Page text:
Hacking Crimes Lead To Personal Injury
The Russian hacking scandal has dominated the news for the past several months; doesn’t it make you wonder just how vulnerable you are to computer hacking? The FBI is entrusted with protecting our nation’s infrastructure, which includes both public and private sector computer networks. Companies in this country are at risk of losing passwords and data that is sensitive to their operations; universities are in jeopardy of research secrets being revealed; everyday citizens are targets of financial fraud schemes and identity theft; and online predators stalk children every day. Ransomware is the latest threat of entities large and small. If you have experienced harm due to the hacking ventures of a known crook, an experienced personal injury attorney may be able to help.
Penalties in Cyber Crimes
Hacking a computer is a serious offense, and can land offenders in prison. The Florida Department of Law Enforcement advises you immediately report computer crimes to local police or sheriff agencies, as well as to the Internet Crime Complaint Center. Ultimately, your case may be forwarded to the federal level. Having a local personal injury attorney at your side can be helpful on this journey.
Ransomware has reared its ugly head of late. Generally, it can be defined as a type of malware that attacks a computer in order to lock up the data contained there. Access is gained when unsuspecting victims open emails with attachments or website links that are infected. The malware encrypts folders and files that are present on the computer, as well as other computers that share the network. More sophisticated attacks are on the rise too, with cyber criminals using spear phishing emails and by seeding malicious codes into legitimate websites. Computers with unpatched software updates are in peril. By the time victims realize they’ve been attacked it is generally too late. The criminal is now demanding a ransom payment, with the threat of complete data loss fueling the victim’s decision making.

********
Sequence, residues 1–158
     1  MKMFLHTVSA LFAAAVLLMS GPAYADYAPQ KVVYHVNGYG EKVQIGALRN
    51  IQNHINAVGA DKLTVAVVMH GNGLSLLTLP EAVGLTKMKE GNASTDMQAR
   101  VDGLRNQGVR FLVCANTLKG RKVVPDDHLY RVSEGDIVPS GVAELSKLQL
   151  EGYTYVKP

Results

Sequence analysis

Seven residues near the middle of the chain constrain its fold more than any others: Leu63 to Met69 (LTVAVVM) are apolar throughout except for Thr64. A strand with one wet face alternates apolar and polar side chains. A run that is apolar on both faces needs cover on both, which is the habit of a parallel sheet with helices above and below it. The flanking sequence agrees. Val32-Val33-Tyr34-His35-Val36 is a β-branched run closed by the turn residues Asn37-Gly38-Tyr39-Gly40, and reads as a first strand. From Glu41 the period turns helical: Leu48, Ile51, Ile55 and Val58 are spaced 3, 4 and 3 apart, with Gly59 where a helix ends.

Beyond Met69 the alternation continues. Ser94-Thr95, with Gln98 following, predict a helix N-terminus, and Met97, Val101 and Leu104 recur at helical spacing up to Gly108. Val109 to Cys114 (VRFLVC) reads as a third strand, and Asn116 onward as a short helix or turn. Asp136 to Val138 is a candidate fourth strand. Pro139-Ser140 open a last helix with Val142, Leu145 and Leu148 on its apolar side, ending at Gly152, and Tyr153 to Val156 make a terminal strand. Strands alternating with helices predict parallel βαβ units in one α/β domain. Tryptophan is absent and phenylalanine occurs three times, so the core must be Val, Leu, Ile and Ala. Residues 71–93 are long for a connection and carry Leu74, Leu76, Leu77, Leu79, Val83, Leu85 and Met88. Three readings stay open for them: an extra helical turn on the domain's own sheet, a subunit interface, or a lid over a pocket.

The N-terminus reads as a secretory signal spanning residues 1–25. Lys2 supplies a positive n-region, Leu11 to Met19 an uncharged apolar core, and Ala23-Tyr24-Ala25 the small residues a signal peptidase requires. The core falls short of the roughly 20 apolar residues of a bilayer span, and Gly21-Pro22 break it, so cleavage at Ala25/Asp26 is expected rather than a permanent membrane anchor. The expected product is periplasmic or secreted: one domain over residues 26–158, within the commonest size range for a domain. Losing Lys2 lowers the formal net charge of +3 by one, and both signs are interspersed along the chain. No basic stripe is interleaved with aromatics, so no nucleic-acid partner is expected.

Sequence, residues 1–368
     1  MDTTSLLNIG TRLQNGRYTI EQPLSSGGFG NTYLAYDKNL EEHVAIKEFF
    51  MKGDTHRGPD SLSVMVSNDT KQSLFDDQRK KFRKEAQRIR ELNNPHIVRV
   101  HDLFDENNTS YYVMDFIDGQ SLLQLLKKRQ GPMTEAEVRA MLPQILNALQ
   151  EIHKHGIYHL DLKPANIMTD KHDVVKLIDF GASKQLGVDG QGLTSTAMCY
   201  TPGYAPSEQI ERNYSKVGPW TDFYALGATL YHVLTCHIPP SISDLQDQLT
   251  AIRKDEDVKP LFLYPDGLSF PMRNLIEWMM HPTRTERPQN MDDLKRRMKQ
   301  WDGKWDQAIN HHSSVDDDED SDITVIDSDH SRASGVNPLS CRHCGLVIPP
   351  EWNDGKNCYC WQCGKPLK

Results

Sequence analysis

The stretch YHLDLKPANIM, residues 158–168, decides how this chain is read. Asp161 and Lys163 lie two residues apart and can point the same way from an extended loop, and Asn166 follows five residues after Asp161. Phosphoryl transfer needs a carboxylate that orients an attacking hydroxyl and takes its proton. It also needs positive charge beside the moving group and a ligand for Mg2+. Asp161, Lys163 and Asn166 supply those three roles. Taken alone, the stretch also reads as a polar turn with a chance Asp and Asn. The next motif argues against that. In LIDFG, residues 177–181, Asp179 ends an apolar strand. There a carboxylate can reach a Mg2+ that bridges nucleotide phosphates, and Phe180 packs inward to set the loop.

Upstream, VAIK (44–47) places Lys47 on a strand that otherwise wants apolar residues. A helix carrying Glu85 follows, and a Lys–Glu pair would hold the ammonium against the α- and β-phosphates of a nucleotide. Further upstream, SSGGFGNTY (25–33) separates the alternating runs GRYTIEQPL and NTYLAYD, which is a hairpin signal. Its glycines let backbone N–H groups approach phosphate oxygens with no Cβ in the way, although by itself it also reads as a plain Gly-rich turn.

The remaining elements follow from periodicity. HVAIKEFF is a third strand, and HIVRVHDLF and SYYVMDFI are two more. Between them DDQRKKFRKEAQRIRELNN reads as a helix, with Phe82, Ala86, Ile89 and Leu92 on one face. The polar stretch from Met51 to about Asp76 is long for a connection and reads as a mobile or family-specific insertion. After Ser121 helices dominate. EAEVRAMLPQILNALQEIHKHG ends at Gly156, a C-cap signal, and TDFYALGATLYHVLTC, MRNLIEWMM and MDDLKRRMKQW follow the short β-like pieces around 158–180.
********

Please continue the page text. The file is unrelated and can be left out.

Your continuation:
Crooks are stealing identities with more sophistication than ever before. In fact, this type of crime doubled between 2010 and 2015. There are two federal laws dealing with this issue:
- The Identity Theft and Assumption Deterrence Act criminalizes the act of using, or even transferring a means of identification with the intent to engage in criminal activity;
- The Identity Theft Penalty Enhancement Act assigns penalties for aggravated identity theft, which relates to identity theft involving felonies, such as accessing Social Security benefits, immigration violations, and domestic terrorism.
The Computer Fraud and Abuse Act (CFAA) declares that the intentional unauthorized access of a protected computer—any computer connected to the Internet– to obtain information is punishable by law if the conduct involves an interstate or foreign communication. A 1996 amendment to the Act allows for civil actions as well.
Making a Claim in a Civil Suit
When pursuing a civil action, the allegations must include damages, causes, violations of the Act and conduct described above. A guilty verdict could result in compensatory damages, and other relief. Examples of loss may include:
- Lost advertising and sales from a website;
- Damage assessment and restoration costs;
- Employee wages associated with restoration;
- Negative impacts to reputation.
Protecting Your Rights
If you have been the victim of a cybercrime, quick reporting is your best chance of resolving the issue. Additionally, the experienced personal injury team at the Law Offices of Robert W. Elton in Daytona Beach can ensure that your rights are protected. Contact us today for a free, confidential consultation.